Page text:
Although continuously seeking better possibilities, 60% of Hungarians are content with their current workplaces, a proportion large enough to put the country onto the top of the regional list, recruitment company Grafton’s latest survey on employee attitudes showed.
The result might be surprising at first sight. Interestingly, this satisfaction mainly originates in the inflexibility and pessimism of the Hungarian employees in terms of their careers, which makes workers more accustomed to their current conditions, experts say. “Two thirds of Hungarians still think that the crisis is not over yet,” country manager of Grafton Recruitment Tamás Fehér said. People’s dark visions of the future makes them more prone to accept their workplace, he pointed out.
Hungarians’ lack of flexibility appears in several aspects of work seeking. More than half of those giving answers said that they would refuse a fixed-term employee contract, while 75% of Slovakians or Czechs would accept such a compromise in order to get a better job. Also, a part-time job is not an option for half of Hungarians while 80% of Romanians or Poles would have no problem with this condition. 53% of Hungarian employees also insist on the salary they had earlier and would not take a new job that offers lower payment.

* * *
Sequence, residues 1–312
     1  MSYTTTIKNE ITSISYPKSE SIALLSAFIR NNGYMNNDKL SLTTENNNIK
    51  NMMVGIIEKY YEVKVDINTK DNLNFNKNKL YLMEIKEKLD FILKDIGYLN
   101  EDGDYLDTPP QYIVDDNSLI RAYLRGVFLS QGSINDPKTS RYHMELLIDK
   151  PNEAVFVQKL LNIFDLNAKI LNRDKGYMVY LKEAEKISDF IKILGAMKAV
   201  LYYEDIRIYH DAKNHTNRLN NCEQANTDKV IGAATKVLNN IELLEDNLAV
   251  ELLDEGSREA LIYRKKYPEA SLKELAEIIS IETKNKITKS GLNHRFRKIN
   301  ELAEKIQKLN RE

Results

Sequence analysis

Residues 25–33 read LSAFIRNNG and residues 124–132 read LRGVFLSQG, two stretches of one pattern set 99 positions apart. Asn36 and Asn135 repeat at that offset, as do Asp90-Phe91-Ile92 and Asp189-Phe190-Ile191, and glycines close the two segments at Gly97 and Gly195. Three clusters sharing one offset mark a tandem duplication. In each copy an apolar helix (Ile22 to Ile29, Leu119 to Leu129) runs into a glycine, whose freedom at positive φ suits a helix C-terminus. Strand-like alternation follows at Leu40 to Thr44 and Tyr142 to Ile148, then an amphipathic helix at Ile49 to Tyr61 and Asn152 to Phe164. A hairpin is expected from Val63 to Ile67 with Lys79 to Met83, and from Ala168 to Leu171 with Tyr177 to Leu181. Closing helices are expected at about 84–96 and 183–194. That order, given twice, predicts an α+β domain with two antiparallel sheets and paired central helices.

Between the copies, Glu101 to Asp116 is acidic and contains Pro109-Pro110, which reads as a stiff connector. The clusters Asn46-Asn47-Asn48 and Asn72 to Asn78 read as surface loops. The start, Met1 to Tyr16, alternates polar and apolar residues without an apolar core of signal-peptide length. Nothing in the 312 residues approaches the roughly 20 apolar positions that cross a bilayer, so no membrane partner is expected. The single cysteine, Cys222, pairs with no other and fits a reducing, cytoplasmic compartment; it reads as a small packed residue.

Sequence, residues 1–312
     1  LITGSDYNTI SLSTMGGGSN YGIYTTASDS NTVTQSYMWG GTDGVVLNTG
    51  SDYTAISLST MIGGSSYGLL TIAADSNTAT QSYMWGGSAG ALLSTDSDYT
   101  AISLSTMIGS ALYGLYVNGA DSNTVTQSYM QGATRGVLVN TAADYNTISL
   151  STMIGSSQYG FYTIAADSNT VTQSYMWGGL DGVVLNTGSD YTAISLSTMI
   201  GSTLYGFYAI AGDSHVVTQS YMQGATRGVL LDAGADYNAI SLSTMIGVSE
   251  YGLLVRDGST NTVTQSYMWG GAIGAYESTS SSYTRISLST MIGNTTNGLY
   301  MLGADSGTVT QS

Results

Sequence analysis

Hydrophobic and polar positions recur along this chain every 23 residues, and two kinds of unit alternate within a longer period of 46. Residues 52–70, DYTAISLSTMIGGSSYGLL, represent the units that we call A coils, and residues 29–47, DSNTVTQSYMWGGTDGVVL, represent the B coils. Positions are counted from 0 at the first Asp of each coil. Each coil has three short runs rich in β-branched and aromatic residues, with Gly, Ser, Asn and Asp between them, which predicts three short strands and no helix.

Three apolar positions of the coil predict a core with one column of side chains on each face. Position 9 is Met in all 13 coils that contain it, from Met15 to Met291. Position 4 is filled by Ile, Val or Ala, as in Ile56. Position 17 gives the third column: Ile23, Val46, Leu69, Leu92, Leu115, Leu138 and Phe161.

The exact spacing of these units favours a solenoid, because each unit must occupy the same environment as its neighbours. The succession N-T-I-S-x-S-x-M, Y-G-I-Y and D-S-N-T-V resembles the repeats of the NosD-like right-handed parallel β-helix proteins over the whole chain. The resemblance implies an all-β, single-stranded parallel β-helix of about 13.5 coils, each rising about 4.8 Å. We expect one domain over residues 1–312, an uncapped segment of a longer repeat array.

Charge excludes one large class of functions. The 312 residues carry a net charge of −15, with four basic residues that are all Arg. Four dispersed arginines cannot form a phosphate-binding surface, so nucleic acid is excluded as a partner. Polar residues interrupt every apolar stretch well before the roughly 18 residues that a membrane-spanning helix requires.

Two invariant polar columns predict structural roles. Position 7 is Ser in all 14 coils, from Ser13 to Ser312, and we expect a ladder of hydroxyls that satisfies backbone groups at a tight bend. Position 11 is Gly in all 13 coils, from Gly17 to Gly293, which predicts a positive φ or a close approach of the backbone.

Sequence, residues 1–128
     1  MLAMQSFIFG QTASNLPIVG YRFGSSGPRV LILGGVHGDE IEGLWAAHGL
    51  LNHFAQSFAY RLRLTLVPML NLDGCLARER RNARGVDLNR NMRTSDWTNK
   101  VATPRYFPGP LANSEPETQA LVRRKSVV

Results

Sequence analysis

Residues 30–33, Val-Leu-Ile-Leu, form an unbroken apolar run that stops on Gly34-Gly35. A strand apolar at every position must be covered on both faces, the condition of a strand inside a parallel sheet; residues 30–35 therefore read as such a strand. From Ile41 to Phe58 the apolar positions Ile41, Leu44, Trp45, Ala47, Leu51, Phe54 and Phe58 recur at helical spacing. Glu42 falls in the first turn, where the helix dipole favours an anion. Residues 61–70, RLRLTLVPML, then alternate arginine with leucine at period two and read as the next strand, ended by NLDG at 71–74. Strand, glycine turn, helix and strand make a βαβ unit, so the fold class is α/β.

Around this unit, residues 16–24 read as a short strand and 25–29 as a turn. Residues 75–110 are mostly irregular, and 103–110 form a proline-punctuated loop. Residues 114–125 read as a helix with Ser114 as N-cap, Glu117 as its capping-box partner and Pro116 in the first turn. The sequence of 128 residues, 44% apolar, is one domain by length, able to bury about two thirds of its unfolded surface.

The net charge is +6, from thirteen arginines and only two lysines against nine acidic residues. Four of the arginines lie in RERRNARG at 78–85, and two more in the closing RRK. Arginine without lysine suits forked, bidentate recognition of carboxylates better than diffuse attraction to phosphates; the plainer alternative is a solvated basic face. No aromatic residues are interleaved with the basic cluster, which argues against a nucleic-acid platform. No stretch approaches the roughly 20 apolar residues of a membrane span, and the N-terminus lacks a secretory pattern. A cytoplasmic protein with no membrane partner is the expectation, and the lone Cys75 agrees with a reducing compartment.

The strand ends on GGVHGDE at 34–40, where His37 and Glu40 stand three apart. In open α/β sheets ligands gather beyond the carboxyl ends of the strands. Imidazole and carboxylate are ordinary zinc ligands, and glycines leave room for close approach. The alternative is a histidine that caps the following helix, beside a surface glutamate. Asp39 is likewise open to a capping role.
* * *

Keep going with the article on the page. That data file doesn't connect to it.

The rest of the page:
Moving across borders is also rejected by most Hungarians but, interestingly enough, if a job turned up somewhere abroad, only a fourth of Hungarians would stay home by all means. In the region, only Romanians are less attached to their country with 90% of the population willing to leave their homes for better opportunities.
However, there are some positive aspects in which Hungary tops the list. More than a third of Hungarians surveyed get higher salaries now than a year earlier and only 21% reported having their wages lowered during the past year. Also, two thirds of the companies operating in Hungary give employees feedback regularly, a proportion far better than in Lithuania or in the Czech Republic – feedback hugely increases work satisfaction, the Grafton study emphasizes.